There are usually some comments about the story, so I listen and offer my own remarks in response to whatever they say. As soon as feasible without rude interruption, I ask my next question: “May I ask you a question that I ask people all the time? Could you give me a one-word definition of the word GRACE?”

It is my experience that it is best to ask for a one-word definition. Otherwise, they may filibuster, repeating platitudes and ideas to impress or simply to “muddy the waters.” By limiting the request to one word, you also eliminate the likelihood of religiously trained people spouting definitions they’ve learned in catechism or Sunday school. Most will be stumped, and will stall, trying to think of an appropriate answer. Many offer various one-word answers, such as “faith,” “God,” “love,” “hope,” or “Jesus.” I smile approvingly at each attempt, but shake my head indicating it is a wrong answer. Most will only attempt one answer.

Then I say, “The word grace comes from a Greek word Charis (pronounced Kair-is). Some people name their daughter Charis. Have you heard of that? The word derives from a word that means ‘gift’ – but not just any gift. This is an undeserved, unearned gift. That is what John Newton was writing about in the song. He knew he was a wretch, who did not deserve God’s mercy and kindness, but God gave him that Amazing GIft anyway. He realized that Jesus died on the cross to pay the price of our sin, to provide that undeserved gift to each of us.”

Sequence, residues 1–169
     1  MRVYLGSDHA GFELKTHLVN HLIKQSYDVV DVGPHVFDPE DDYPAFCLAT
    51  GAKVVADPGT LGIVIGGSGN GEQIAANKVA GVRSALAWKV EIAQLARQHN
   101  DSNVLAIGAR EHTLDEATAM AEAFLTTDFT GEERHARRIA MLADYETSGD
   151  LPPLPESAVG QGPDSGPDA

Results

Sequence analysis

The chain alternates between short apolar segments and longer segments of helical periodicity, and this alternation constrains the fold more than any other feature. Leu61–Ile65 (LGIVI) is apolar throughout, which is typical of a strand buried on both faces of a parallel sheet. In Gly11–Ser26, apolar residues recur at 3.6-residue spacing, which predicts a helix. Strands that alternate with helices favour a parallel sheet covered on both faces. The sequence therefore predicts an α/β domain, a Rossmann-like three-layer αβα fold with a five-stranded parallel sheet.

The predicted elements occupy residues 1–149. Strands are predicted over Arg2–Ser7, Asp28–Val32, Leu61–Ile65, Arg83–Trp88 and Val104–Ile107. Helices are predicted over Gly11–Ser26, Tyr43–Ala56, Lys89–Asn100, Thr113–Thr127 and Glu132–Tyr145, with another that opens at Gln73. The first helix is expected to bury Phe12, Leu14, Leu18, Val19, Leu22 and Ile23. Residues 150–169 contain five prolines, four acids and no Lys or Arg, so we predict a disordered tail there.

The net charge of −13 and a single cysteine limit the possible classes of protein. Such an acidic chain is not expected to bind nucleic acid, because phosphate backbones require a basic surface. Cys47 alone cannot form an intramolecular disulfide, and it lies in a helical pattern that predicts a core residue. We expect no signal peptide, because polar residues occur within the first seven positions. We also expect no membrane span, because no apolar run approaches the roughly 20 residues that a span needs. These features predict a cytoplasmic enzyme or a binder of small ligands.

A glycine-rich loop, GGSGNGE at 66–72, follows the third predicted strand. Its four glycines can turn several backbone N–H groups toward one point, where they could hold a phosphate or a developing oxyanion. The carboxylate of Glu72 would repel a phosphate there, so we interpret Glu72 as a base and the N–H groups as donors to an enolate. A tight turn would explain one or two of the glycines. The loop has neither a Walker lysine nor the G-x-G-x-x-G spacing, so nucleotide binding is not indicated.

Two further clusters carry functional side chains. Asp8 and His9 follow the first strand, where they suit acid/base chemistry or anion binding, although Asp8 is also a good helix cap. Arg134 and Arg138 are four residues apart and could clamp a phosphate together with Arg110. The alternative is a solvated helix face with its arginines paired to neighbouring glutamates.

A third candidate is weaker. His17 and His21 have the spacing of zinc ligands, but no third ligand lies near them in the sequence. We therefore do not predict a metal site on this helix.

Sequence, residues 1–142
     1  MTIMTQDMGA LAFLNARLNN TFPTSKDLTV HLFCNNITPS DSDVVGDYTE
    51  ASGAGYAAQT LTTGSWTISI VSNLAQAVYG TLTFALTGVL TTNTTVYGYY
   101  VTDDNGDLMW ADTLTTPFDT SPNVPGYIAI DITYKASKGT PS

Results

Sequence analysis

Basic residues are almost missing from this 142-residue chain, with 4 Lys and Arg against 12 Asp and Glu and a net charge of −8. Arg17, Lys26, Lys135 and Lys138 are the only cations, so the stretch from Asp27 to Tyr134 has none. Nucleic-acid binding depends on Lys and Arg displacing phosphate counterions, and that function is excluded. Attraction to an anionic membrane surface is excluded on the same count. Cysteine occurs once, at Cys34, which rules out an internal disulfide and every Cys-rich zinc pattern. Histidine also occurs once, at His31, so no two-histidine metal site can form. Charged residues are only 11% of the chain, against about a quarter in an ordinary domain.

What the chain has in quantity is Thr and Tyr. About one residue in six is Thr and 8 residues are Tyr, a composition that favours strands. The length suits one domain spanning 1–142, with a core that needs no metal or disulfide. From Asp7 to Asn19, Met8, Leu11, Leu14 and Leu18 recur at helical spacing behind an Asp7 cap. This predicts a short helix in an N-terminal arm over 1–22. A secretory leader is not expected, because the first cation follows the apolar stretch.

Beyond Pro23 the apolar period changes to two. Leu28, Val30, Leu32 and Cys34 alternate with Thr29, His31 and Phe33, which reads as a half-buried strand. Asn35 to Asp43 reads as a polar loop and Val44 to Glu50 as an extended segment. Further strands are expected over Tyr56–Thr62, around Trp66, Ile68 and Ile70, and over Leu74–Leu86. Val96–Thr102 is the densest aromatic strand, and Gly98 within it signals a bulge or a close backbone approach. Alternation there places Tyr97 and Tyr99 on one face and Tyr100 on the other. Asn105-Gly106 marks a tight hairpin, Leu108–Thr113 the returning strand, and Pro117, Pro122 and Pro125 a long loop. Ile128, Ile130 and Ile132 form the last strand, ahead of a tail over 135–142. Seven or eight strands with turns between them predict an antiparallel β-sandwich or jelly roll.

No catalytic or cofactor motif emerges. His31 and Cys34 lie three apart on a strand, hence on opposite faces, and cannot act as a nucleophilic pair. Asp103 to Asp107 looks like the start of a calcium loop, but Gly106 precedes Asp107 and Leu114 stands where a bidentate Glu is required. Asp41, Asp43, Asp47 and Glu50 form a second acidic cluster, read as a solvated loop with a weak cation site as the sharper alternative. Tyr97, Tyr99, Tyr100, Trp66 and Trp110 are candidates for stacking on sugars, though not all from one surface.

Depending upon their responses, I may go ahead with a simple appeal to believe the promises of God: that He provided Eternal Life as a gift to undeserving sinners, which includes all of mankind. If I sense conviction and an open heart, I go directly to my closing questions.

However, if I’ve sensed some resistance to the idea that he is a sinner; if I sense doubt about the deity of Christ, or the certainty of God’s Judgment, or sense any indication that they need a more thorough presentation of the gospel (the good news of God’s grace), I usually ask them to look with me at verses like these: Ephesians 2:8-9, Titus 3:5, Romans 3:23, 6:23, 5:8, 5:12, 10:9-10, John 3:15-18, I John 5:11-13. Using a question – answer approach, I try to ascertain what may be the problem in their mind, repelling them from Christ. I try to provide Bible answers to resolve these issues. Many people in America have some understanding of gospel truth, but most do not understand the concept of grace.